You can read this, and also many useful interviews at Newly Salted…
I (Matt) live aboard and travel with my wife Kristin on a thirty foot Rawson ketch named Madrone. The boat has been kind to us and we love her. It says Portland Oregon on her sides but she most recently called Olympia Washington her home. I don’t know if she is so much cruising the Salish Sea as being driven like cattle across the plains, left to graze where the kelp is greenest. Right now I am taking her to a marina in Blaine, Washington.
In 2011, we spent six months heading north from Portland around the inside and then the outside of Vancouver Island and finally south down the west coast to San Francisco.
Feel free to contact me if you have questions or want to chat.
What (if anything) do you wish someone had told you before you started cruising?
The following three things may be obvious as the day is long, but they were not obvious to me.
Nothing, not even scary things, are all that scary in the moment. You will worry and fret about small things when its not clear what to do. But when things are scary you know exactly what to do. When I first started anchoring I spent an amazing amount of energy and some sleepless nights in conditions so mild my chain alone without the anchor would have kept us in place. But then I didn’t worry one bit sailing with a broken engine from the open ocean between reefs back into Effingham Bay because I was too damn busy steering. While still keeping safety in mind, try to never ever worry. Worrying hasn’t helped me.
There are things you can’t learn in books. If you don’t have experienced boating friends find some somehow. Take classes, crew, invite people aboard your boat. A friend helped me anchor my boat for the first time in the Willamette river for the fourth of July. It was a little tricky because it was a bow and stern anchor so the boat would face the wake from passing motorboats. I knew that part, and how to deploy them in a reasonable order, but I had no idea what proper scope looked like. I knew what proper scope was of course, but not how to visualize it in the real world. Also, my friend showed me how calm you can be if you know what you are doing. See the first point about worrying. In a moment, I learned things missed over a hundred hours of reading. Of course I could have done it myself and maybe learned even more, but I would have suffered more as well.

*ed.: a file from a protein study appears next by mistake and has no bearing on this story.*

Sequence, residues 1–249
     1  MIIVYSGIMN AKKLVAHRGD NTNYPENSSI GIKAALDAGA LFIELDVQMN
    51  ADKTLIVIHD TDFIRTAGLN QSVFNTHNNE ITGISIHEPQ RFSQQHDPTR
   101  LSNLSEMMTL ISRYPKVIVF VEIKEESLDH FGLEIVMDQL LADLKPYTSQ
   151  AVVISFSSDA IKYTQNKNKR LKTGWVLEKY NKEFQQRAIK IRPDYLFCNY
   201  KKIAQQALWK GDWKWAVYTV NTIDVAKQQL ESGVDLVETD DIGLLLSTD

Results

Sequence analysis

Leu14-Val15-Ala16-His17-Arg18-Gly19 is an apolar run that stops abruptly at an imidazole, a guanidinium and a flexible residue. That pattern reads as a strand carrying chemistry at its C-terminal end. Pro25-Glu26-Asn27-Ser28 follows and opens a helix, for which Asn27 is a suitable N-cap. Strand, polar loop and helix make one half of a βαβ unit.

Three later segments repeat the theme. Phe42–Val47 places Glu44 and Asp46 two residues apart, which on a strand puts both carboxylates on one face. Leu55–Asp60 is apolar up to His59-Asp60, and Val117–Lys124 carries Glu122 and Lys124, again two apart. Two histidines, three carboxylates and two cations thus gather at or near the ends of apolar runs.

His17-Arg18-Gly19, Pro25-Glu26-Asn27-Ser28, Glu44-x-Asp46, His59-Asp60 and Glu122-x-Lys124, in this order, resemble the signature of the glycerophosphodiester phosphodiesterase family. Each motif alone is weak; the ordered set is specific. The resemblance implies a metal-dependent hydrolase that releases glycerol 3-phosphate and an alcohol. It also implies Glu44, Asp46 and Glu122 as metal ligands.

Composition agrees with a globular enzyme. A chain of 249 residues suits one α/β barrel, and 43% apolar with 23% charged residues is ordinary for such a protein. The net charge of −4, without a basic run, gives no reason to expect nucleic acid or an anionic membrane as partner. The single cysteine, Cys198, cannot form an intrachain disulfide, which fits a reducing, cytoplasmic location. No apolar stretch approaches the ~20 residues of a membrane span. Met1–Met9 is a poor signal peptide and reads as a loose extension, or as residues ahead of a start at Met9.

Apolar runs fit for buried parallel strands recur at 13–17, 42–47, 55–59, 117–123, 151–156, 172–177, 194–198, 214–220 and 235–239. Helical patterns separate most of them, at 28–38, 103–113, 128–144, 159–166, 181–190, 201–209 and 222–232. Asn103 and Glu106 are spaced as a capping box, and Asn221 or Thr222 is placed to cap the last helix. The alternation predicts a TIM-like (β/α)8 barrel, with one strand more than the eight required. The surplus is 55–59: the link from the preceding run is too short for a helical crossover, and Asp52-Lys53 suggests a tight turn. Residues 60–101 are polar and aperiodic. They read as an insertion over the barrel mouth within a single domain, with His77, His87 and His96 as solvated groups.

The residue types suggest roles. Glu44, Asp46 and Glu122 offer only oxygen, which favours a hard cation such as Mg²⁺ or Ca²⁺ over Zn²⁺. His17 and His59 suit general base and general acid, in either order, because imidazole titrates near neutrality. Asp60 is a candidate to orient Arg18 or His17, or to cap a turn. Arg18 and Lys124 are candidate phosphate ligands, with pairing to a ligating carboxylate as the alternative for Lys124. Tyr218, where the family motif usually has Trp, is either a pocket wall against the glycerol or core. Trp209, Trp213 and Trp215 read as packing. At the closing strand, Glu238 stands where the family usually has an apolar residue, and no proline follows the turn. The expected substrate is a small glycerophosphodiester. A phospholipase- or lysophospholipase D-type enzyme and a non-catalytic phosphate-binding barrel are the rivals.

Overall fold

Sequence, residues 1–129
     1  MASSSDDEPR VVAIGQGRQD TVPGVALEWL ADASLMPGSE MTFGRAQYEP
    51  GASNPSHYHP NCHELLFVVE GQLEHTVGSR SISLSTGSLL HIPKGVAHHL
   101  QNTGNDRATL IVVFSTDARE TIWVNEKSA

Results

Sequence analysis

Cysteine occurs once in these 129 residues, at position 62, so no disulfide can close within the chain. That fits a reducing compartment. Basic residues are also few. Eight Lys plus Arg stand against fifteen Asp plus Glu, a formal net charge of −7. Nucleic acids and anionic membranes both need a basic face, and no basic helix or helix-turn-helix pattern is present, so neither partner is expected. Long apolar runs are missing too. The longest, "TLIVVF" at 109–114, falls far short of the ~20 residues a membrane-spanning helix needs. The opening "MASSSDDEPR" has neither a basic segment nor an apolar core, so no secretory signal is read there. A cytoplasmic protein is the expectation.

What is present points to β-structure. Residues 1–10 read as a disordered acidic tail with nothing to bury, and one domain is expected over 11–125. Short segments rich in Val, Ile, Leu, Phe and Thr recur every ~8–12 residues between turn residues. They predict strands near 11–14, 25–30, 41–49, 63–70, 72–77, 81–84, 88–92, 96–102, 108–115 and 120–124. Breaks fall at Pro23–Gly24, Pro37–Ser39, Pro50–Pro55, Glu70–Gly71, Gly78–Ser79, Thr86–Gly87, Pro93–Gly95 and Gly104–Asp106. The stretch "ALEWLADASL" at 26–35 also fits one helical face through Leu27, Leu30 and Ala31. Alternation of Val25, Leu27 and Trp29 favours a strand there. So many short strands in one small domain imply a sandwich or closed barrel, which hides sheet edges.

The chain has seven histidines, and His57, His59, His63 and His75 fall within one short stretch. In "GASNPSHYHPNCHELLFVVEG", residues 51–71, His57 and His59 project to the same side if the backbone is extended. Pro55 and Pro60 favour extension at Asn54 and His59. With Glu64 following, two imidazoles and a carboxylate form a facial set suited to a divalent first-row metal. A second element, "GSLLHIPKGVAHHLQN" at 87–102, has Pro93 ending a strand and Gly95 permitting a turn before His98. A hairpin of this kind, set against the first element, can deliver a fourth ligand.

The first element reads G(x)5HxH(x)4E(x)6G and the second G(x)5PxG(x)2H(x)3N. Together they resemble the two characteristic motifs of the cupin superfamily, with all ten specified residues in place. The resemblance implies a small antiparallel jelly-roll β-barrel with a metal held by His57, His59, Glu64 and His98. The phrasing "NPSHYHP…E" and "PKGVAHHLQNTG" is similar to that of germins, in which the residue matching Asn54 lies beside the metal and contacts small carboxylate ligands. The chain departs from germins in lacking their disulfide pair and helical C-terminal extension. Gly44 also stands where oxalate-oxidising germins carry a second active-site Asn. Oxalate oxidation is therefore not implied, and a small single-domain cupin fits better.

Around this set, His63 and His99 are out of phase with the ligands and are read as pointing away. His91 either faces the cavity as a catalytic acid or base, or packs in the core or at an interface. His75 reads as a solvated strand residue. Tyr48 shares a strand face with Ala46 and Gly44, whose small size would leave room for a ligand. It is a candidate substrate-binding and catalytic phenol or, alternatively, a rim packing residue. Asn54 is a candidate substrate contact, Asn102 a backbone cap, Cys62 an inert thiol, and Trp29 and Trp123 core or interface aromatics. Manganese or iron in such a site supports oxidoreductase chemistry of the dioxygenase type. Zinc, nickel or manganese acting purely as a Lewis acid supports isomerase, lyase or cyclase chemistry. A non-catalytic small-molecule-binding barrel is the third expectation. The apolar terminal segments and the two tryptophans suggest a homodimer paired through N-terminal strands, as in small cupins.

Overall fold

Lots of cruising destinations can be reached by car or plane. Plan on sailing to Baja? New Zealand? The Mediterranean? A vacation of several weeks will still be a small fraction of the cost of outfitting a boat and sailing there. It will never be a waste of money. If you love it there then it was a good vacation, and you will know more of what to expect when you sail there. If you hate it then the vacation was even more successful, having saved a costly and perhaps dangerous voyage. Of course you can’t reproduce the feeling of accomplishment at having sailed your home there, or of comfortably baking bread in an isolated anchorage. But to get some idea, go to the port town and walk down to the marina. Try to time your visit with the cruising season of the area. You can see the people you’d meet if you had sailed there, and maybe help them buy some groceries. I got a better sense of the long term cruising lifestyle from a few hours with the characters in the La Paz marina than I got from a lot of literature.
tl;dr Don’t worry, and get as much real world experience with the skills you need and locations you are going as you can.
What do you find the most exciting about your cruising life?
Our trip around Vancouver Island was an unending cascade of wonders. I loved the way each new day brought something amazing, sometimes a new bay, sometimes an exciting catch, sometimes a new friend, sometimes a new problem. It was a relaxed but also frenetic adventure, like a child’s Christmas morning when they are old enough to know how to pace themselves and enjoy the experience but young enough to want to open every present at once. Each day was a new present and at night we’d shake the box to guess what might come next.
Now that we are not underway, the knowledge that my home is mobile, that I am fundamentally not stuck in one place is an ever present comfort. I like that I don’t know where I am going, but that because of my choices I am headed there.
Is there something you wish you had bought or installed before starting out?